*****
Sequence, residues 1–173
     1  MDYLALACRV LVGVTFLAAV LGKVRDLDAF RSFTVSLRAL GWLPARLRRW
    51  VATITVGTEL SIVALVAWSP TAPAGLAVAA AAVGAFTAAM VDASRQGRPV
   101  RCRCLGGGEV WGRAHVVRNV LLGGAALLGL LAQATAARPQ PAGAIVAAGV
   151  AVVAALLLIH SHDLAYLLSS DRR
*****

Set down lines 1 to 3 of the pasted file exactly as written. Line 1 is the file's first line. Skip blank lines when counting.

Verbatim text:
Sequence, residues 1–173
     1  MDYLALACRV LVGVTFLAAV LGKVRDLDAF RSFTVSLRAL GWLPARLRRW
    51  VATITVGTEL SIVALVAWSP TAPAGLAVAA AAVGAFTAAM VDASRQGRPV